Investec economists share their view of the global economy for 2020
After a turbulent 2019, businesses and investors start a new decade with a sense of cautious optimism. We forecast that global economic growth will strengthen this year, but the risks and uncertainties that curbed momentum last year will linger, threatening to derail the outlook once again. We analyse the key challenges and what they mean for the world’s major economies.
Key calls for 2020:
- Driven by emerging markets, global economic growth will increase to 3.3% this year after a post-crisis low of 2.9% in 2019.
- The strengthening in global activity is unlikely to be enough to trigger a mass reversal of 2019’s widespread interest rate cuts. Indeed, we expect further easing by various major central banks, including in the US, eurozone, Australia and China.
- The US economy looks set to run against the grain, with growth slowing to 1.8% from 2.3%. We see the Federal Reserve cutting the funds target range by 0.25% to 1.25%-1.50% in the first quarter and do not expect a hike until the end of 2021.
- While the weakness of manufacturing is having a dampening effect on eurozone economies, especially Germany, there are few signs yet of a spillover into services. Indeed, recent data hint that the sector may have bottomed out. While a 0.1% cut in the European Central Bank’s deposit rate to -0.60% looks likely in the first quarter, an increase in asset purchases beyond the current €20bn per month is doubtful. We expect the euro to make modest gains against the US dollar and end 2020 at $1.15.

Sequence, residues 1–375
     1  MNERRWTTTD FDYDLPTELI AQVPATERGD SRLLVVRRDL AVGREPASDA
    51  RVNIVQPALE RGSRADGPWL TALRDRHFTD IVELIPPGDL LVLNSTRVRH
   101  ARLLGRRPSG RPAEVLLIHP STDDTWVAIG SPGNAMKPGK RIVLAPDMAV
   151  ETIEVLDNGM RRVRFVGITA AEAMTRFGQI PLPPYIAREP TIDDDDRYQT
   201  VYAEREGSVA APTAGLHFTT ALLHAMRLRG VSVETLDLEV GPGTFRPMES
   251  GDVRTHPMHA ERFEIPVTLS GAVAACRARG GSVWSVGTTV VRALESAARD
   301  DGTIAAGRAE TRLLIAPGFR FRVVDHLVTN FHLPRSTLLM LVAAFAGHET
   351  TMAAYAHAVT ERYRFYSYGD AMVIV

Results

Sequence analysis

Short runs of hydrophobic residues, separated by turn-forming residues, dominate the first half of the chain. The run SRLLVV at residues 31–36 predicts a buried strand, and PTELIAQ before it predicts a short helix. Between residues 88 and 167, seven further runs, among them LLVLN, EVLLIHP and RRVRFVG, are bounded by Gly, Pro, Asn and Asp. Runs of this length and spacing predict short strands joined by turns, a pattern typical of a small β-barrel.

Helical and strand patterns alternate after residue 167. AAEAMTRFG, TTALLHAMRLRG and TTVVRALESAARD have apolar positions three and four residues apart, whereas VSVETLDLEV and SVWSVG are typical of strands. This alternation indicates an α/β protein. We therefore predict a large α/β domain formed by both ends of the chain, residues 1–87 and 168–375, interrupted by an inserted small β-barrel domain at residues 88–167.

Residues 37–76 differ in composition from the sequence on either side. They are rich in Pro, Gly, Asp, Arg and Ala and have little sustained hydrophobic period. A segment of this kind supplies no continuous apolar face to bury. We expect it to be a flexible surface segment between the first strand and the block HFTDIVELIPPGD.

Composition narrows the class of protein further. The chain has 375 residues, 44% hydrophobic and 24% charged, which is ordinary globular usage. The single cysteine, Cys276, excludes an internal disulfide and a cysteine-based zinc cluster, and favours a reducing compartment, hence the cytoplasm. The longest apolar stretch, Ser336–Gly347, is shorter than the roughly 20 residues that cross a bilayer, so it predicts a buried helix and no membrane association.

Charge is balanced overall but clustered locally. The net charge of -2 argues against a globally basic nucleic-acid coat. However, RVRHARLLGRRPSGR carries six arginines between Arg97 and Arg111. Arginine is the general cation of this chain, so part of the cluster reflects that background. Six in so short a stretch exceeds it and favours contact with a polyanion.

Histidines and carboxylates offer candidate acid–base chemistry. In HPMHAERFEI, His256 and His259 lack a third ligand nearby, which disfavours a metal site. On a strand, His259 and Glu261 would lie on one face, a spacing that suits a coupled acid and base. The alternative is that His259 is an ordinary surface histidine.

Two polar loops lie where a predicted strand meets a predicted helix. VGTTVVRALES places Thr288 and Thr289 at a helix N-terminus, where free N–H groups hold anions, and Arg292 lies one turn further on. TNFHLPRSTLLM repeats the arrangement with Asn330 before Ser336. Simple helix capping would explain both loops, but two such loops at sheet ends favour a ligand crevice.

- In the UK, the decisive win of Boris Johnson’s Conservative Party at December’s election means the government should be able to pass the legislation needed for the UK to leave the European Union on 31 January. Britain will then enter a transition period until at least the end of the year.
- But uncertainty over a UK-EU free-trade agreement may become a significant focus during the year as markets recognise that negotiating a deal by the end of 2020 is ambitious. We envisage sterling trading at $1.35 and 85 pence against the euro at the end of 2020, but expect some jitters in the meantime, perhaps around mid-year.
- Our 2020 UK economic growth forecast is 1.2%, weaker than 1.3% in 2019, but this is an arithmetic quirk. Average quarterly growth will be a touch firmer at 0.4%, supported by some strengthening in investment as Brexit uncertainties ease somewhat. In this scenario, we forecast the Bank of England’s keeping interest rates at 0.75% through 2020.
- Downside risk and uncertainties prevail though much of our global assessment, including surrounding the U.S.-China trade talks.
To read the full article, please click here.